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FrendL (The Fabulous & Occasionally Ferocious)

Mixed Breed

  • Easter FrendL... April 2007, age 7.5

“FrendL was running lost down my street on Xmas Eve ’99 when our paths first crossed. With no one looking for her, we became best friends. Together on our travels over 18 (!) years, folks everywhere stopped to admire & love on her, often asking me what kind is she? “Dachstralian Border Corgi” I’d say, based on her looks & temperament, or “Papillon Rottweiler” as a joke, little knowing. Frend was extraordinarily bright, sweet, playful, & kind. I was honored & blessed to be her friend. R.I.P.”

Location
Port Townsend, Washington, USA
From
Albuquerque, New Mexico, USA

This dog has been viewed 751 times and been given 6 wags

Genetic Breed Result

Learn how it’s done

Mixed Breed

50.0% Rottweiler
15.1% German Shepherd Dog
9.2% Chow Chow
6.3% Shetland Sheepdog
6.0% Black Russian Terrier
6.0% Samoyed
4.1% Pekingese
3.3% Supermutt

Embark Supermutt analysis

What’s in that Supermutt? There may be small amounts of DNA from this distant ancestor:

Rottweiler Rottweiler
Originally used for driving cattle and protecting valuable convoys, Rottweilers are now popular family pets as well as guard, police and military dogs.
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German Shepherd Dog German Shepherd Dog
German Shepherds are confident, courageous dogs with a keen sense of smell and notable intelligence.
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Chow Chow Chow Chow
This distinctive-looking dog breed has a proud, independent spirit that some describe as catlike. Often aloof and suspicious of strangers, the Chow Chow may not be a cuddle buddy, but for the right person, they are a fiercely loyal companion.
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Shetland Sheepdog Shetland Sheepdog
Shetland Sheepdogs are a lively, smart and athletic herding dogs that also makes a great family pet.
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Black Russian Terrier Black Russian Terrier
The Black Russian Terrier originated as a military and police dog during the time of the Soviet Union. Their intelligence and thick coat allowed them to thrive in their role under the Red Army. Today you are more likely to find them in the suburbs guarding your house.
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Samoyed Samoyed
A working breed, the Samoyed can be strong-willed at times, but above all they remain friendly, gentle, and devoted family dogs. The Samoyed was originally bred to hunt, haul sledges, and herd reindeer. Among the breed’s duties: pack hiking, tracking, and warming their owners by sleeping on top of them at night.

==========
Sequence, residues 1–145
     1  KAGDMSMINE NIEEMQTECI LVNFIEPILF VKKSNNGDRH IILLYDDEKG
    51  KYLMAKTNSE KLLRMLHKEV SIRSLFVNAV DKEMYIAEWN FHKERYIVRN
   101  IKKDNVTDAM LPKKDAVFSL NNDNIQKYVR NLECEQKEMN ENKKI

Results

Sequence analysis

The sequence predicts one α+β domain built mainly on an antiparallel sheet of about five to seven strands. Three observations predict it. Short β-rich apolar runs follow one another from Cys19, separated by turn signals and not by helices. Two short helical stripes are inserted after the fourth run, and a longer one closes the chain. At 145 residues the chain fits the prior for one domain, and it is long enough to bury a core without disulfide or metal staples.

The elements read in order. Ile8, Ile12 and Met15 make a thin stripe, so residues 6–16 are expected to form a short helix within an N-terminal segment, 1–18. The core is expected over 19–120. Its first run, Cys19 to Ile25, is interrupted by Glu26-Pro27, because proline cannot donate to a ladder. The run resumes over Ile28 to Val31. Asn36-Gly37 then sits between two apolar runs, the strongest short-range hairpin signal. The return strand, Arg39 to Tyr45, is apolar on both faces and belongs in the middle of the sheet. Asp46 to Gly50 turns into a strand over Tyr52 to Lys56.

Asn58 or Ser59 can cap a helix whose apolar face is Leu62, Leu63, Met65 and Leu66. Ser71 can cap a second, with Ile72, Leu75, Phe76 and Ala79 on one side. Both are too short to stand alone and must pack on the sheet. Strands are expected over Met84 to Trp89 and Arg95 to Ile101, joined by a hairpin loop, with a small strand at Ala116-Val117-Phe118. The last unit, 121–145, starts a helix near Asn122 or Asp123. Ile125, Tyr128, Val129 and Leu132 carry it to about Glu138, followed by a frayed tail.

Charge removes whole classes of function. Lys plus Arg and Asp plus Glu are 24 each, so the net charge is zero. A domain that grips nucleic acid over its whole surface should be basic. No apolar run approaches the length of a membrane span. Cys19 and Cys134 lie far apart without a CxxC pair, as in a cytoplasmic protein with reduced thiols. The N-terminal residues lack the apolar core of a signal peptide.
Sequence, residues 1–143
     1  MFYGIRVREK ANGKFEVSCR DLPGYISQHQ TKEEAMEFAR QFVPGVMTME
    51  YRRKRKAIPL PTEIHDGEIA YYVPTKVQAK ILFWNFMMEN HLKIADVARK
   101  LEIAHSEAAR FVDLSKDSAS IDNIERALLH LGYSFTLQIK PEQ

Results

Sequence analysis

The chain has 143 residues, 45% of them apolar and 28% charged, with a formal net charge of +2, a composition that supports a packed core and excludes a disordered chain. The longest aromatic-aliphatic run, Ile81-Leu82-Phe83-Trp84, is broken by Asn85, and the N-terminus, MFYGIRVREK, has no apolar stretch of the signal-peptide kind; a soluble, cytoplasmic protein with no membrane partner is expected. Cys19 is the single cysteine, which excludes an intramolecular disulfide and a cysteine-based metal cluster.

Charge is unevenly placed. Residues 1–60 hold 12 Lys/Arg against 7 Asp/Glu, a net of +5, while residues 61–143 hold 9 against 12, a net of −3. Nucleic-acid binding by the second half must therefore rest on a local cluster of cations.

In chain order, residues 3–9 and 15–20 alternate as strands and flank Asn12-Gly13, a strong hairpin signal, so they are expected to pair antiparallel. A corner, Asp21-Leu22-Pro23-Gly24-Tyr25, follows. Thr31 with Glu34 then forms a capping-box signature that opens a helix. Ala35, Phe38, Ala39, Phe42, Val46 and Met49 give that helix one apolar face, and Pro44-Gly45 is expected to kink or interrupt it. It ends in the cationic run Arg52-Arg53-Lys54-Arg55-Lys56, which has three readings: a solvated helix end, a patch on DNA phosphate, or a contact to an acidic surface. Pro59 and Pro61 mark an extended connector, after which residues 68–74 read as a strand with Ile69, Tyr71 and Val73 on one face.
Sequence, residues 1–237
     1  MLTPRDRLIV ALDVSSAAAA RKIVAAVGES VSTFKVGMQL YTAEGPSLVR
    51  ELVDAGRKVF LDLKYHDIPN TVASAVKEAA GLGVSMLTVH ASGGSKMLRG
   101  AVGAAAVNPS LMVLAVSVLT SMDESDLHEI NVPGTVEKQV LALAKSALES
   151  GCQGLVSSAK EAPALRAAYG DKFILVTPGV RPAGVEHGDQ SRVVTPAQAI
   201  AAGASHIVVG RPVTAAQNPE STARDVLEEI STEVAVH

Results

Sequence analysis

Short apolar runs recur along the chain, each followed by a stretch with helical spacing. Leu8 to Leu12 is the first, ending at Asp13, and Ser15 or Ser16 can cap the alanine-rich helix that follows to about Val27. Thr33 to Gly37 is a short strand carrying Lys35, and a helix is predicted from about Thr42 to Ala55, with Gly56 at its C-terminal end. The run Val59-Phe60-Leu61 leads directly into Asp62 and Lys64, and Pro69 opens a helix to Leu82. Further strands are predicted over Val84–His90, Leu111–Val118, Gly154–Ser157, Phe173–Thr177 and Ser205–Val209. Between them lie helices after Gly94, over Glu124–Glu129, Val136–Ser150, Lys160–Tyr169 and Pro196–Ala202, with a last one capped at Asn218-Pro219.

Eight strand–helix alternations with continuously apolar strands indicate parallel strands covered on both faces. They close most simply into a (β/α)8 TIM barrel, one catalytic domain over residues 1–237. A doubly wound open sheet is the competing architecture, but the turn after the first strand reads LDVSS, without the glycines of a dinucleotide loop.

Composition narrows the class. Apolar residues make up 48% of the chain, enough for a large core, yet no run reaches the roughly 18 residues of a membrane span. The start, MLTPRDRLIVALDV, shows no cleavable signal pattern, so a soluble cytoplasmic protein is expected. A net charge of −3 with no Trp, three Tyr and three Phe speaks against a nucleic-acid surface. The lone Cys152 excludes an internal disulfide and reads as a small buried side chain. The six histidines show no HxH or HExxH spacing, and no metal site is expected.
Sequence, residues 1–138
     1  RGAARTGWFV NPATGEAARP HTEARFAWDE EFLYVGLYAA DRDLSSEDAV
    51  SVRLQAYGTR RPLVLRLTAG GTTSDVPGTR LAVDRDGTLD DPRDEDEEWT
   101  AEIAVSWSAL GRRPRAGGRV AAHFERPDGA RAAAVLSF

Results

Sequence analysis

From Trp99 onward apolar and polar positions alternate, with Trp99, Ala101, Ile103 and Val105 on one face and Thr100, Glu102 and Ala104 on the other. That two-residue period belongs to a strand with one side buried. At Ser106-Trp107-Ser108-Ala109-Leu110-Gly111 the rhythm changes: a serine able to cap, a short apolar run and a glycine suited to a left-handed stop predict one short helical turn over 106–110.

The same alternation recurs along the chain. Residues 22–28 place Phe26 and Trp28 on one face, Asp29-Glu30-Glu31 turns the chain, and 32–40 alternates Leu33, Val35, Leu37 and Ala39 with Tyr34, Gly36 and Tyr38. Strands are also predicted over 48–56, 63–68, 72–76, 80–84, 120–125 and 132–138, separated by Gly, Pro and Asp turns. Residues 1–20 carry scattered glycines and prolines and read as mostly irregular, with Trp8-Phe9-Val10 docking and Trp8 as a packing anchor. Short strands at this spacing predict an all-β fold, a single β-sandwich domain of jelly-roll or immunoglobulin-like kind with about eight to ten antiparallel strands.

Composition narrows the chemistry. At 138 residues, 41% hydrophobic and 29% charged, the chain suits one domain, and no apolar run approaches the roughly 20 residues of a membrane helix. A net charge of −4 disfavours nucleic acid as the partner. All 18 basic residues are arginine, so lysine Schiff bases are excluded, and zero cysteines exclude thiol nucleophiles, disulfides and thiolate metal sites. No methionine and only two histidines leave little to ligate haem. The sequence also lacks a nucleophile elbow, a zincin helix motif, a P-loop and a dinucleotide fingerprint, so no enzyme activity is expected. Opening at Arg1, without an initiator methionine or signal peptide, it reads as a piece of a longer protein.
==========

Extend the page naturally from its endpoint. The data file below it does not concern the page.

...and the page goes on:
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Pekingese Pekingese
Pekingese were dogs bred for centuries to be the prized companions of the imperial family of China. Today they are still cherished family companions and show dogs who greet everyone they meet with dignity and grace.
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Genetic Stats


Wolfiness:

0.0 % LOW

Predicted Adult Weight:

54 lbs

Genetic Age:

120 human years

Breed Mix Matches

Explore other Embark dogs who have breed mixes that are similar to FrendL (The Fabulous & Occasionally Ferocious)’s.
A Mix Match of 100 means they are the exact same breed mix!

DNA Breed Origins

What’s this?
Breed colors:
Rottweiler
German Shepherd Dog
Chow Chow
Shetland Sheepdog
Black Russian Terrier
Samoyed
Pekingese
Supermutt
Changes to this dog’s profile
Learn More
  • On 9/11/2018 changed name from "Frendel Wigley" to "FrendL (The Fabulous & Occasionally Ferocious)"
  • On 9/11/2018 changed handle from "frendelwigley" to "frendl"

Would you like more information? Have you found a lost dog wearing an Embark dog tag? You can contact us at:

Explore by tapping the parents and grandparents.
 
Family Tree From Embark PARENTS GRANDPARENTS GREAT GRANDPARENTS Mixed Rottweiler German Shepherd Dog / Chow Chow mix Shetland Sheepdog / Samoyed mix Rottweiler Rottweiler German Shepherd Dog Chow Chow mix Shetland Sheepdog mix Samoyed mix Rottweiler Rottweiler Rottweiler Rottweiler

Our algorithms predict this is the most likely family tree to explain FrendL (The Fabulous & Occasionally Ferocious)’s breed mix, but this family tree may not be the only possible one.

Summary

0
AT RISK
0
CARRIER
168
CLEAR
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Clinical Traits

These clinical traits are valuable to your veterinarian and can inform the clinical decisions and diagnoses they make.

Alanine Aminotransferase (ALT) Activity result: Low Normal

FrendL (The Fabulous & Occasionally Ferocious) has one copy of a mutation associated with reduced ALT activity as measured on veterinary blood chemistry panels. Please inform your veterinarian that FrendL (The Fabulous & Occasionally Ferocious) has this genotype, as ALT is often used as an indicator of liver health and FrendL (The Fabulous & Occasionally Ferocious) is likely to have a lower than average resting ALT activity. As such, an increase in FrendL (The Fabulous & Occasionally Ferocious)’s ALT activity could be evidence of liver damage, even if it is within normal limits by standard ALT reference ranges.